inversion (grammar)

Glossary of Grammatical and Rhetorical Terms

Two examples of inversion in English.

Definition

In English grammar, inversion is a reversal of normal word order, especially the placement of a verb ahead of the subject (subject-verb inversion). The rhetorical term for inversion is hyperbaton. Also called stylistic inversion and locative inversion.

Questions in English are usually characterized by inversion of the subject and the first verb in the verb phrase.

See Examples and Observations below.

Also see:

 

Etymology
From the Latin, "turn"


Examples and Observations

  • "In a hole in the ground there lived a hobbit."
    (J.R.R. Tolkein, The Hobbit, 1937)
     
  • "What they talked of all evening long, no one remembered next day."
    (Ray Bradbury, Dandelion Wine, 1957)
     
  • "Not until the seventeenth century did the fork appear in England."
    (Henry Petroski, The Evolution of Useful Things. Alfred A. Knopf, 1992)
     
  • "There on the tiny stoop sat Pecola in a light red sweater and blue cotton dress."
    (Toni Morrison, The Bluest Eye. Holt, Rinehart and Winston, 1970)
     
  • "There in the dusty light from the one small window on shelves of roughsawed pine stood a collection of fruitjars and bottles with ground glass stoppers and old apothecary jars all bearing antique octagon labels edged in red upon which in Echols' neat script were listed contents and dates."
    (Cormac McCarthy, The Crossing. Random House, 1994)
     
  • "Not in the legions
    Of horrid hell can come a devil more damned
    In ills to top Macbeth."
    (William Shakespeare, Macbeth)
     
  • "Half an hour later came another inquiry as to tugs. Later came a message from the Irene, telling of the lifting of the fog."
    (The New York Times, April 7, 1911)
     
  • "There's a lady wants to see you. Miss Peters her name is."
    (P.G. Wodehouse, Something Fresh, 1915)
     
  • "The man who first saw that it was possible to found a European empire on the ruins of the Mogul monarchy was Dupleix."
    (Thomas Macaulay)
     
  • "Also arrested were eight other suspects who allegedly worked secretly for ETA while maintaining the appearance of normal lives, Rubalcaba said at a nationally-televised news conference in Madrid."
    (Al Goodman, "Nine ETA Bombing Suspects Arrested." CNN.com, July 22, 2008)
     
  • The Preposed Element
    "In subject-dependent inversion the subject occurs in postponed position while some other dependent of the verb is preposed. A considerable range of elements may invert with the subject in this way . . . . In the great majority of cases the preposed element is a complement, usually of the verb be."
    (Rodney Huddleston and Geoffrey K. Pullum, The Cambridge Grammar of the English Language, Cambridge University Press, 2002)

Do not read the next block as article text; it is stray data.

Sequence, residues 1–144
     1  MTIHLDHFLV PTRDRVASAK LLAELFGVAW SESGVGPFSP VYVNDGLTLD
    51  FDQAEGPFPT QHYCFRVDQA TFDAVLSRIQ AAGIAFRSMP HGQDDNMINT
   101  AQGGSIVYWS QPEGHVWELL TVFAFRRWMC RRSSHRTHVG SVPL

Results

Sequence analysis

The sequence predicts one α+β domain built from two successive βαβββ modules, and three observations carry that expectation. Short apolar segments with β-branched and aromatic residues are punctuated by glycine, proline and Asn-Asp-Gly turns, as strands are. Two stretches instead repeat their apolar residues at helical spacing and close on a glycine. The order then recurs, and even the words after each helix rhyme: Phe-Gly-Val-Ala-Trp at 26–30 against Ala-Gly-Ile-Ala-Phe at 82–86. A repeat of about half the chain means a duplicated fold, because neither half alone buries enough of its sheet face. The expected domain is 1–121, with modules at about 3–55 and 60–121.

• Subject-Verb Inversion
    "Subject-verb inversion normally is limited as follows:
    - The verb phrase consists of a single verb word, in the past or present tense.
    - The verb is an intransitive verb of position (be, stand, lie, etc.) or verb of motion (come, go, fall, etc.)
    - The topic element . . . is an adverbial of place or direction (e.g., down, here, to the right, away):

    [informal speech]
    Here's a pen, Brenda.
    Here comes McKenzie.
    Look, there are your friends.
    [more formal, literary]
    There, at the summit, stood the castle in its medieval splendour.
    Away went the car like a whirlwind.
    Slowly out of its hangar rolled the gigantic aircraft.

    The examples from [informal speech] give end-focus to the subject. In [literary style] the fronted topic is more useful in giving end-weight to a long subject."
    (Geoffrey Leech and Jan Svartvik, A Communicative Grammar of English, 3rd ed. Routledge, 2002/2013)
     
  • Do-support 
    "[T]ypical verbs do not themselves permit inversion, but rather require what is traditionally called do-support (i.e. have inverted forms which require the use of the dummy auxiliary do): cf.
    (a) * Intends he to come?
    (b) Does he intend to come?
    (c) *Saw you the mayor?
    (d) Did you see the mayor?
    (e) *Plays he the piano?
    (f) *Does he play the piano?
    (Andrew Radford, Syntax: A Minimalist Introduction. Cambridge University Press, 1997)
     
  • The Natural Order?
    "Inversion is so common in English prose that it may be said to be quite as much in accordance with the genius of the language as any other figure; indeed, in many cases it may well be doubted whether there is any real inversion at all. Thus it may be quite as much the natural order to say, 'Blessed are the pure in heart,' as to say, 'The pure in heart are blessed.'"
    (James De Mille, The Elements of Rhetoric, 1878)
     

    Pronunciation: in-VUR-zhun